Briefing from ROAPE Volume 32 Number 104/5
Ethiopian Election of 2005: A Bombshell & Turning Point?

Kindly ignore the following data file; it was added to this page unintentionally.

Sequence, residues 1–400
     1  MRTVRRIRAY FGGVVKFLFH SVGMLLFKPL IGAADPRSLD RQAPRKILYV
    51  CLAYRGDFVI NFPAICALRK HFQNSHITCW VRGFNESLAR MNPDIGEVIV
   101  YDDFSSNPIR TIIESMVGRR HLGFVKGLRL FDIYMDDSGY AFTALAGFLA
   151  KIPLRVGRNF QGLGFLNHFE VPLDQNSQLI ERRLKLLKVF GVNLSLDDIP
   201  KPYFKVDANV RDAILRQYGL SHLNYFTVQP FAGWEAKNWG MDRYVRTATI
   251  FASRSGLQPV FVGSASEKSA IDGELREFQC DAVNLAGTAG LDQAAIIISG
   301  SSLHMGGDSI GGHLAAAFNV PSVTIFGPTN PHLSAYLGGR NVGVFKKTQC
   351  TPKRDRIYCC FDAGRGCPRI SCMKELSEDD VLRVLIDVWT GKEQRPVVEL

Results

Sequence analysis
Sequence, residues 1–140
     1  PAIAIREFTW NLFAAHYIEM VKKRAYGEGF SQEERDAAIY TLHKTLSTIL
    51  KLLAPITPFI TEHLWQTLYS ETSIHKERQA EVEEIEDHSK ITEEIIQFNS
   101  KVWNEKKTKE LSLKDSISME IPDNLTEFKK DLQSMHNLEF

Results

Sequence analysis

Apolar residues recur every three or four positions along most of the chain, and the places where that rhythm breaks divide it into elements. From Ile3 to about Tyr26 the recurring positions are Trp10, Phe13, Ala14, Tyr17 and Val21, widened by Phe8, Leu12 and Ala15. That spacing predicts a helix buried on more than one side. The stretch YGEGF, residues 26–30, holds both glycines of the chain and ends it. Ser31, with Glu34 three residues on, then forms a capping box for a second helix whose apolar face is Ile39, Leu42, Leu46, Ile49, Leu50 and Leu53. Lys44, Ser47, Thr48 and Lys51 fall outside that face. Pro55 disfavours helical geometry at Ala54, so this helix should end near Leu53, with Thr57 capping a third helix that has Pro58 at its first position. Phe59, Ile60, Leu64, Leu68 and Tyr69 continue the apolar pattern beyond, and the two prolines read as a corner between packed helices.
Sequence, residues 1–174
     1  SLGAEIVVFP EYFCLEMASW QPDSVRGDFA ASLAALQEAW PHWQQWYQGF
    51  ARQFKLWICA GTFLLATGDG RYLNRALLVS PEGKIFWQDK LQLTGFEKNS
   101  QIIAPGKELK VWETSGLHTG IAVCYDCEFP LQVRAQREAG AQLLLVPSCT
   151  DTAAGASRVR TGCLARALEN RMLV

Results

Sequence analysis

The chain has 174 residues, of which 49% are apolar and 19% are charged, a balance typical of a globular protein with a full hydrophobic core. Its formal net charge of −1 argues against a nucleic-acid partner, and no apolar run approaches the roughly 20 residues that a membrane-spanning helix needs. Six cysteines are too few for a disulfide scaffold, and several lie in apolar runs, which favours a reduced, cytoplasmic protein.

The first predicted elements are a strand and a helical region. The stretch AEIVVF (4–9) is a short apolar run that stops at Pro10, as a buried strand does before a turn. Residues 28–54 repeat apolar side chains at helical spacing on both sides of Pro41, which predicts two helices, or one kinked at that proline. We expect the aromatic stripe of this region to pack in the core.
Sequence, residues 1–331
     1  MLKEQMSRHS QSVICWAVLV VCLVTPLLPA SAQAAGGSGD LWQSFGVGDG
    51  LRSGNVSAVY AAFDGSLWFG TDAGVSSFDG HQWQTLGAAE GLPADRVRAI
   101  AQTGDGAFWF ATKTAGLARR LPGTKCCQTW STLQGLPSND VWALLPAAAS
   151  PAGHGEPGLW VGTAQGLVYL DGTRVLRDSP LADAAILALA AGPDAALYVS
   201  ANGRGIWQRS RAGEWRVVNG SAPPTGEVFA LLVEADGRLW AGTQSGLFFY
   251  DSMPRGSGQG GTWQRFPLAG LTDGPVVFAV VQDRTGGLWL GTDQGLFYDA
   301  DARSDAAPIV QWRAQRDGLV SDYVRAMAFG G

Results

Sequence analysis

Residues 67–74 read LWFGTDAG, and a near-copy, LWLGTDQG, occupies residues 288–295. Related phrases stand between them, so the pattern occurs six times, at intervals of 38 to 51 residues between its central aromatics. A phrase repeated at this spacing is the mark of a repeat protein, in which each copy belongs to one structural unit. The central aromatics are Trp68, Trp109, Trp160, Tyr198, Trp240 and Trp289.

Ethiopia's parliamentary election in May 2005 was a spectacular event in the country's political annals as the opposition2 captured nearly 50% of parliamentary seats.3 Two competing interpretations aimed at assessing the significance of the results have emerged. One scenario posits that international pressure has finally forced the regime to relax some of its controls on the political process and permit democratic expression of views. An amalgam of ethnicist opposition forces, many international institutions that supported and monitored the election, and others have endorsed this proposition. A second submission asserts that the political strategy TPLF-dominated regime pursued, which allowed different ethnic communities to govern themselves within the context of the federal constitution, is slowly but steadily maturing. This, most recent election, they allege, has vindicated the government's efforts during the past decade. Hence, the Ethiopian Prime Minister's declaration that he 'is proud to have introduced democracy to Ethiopia.' Both theses contain important elements of truth, however, they fail to grasp the event's significance for the future in the context of the country's oppressive and sectarian political history.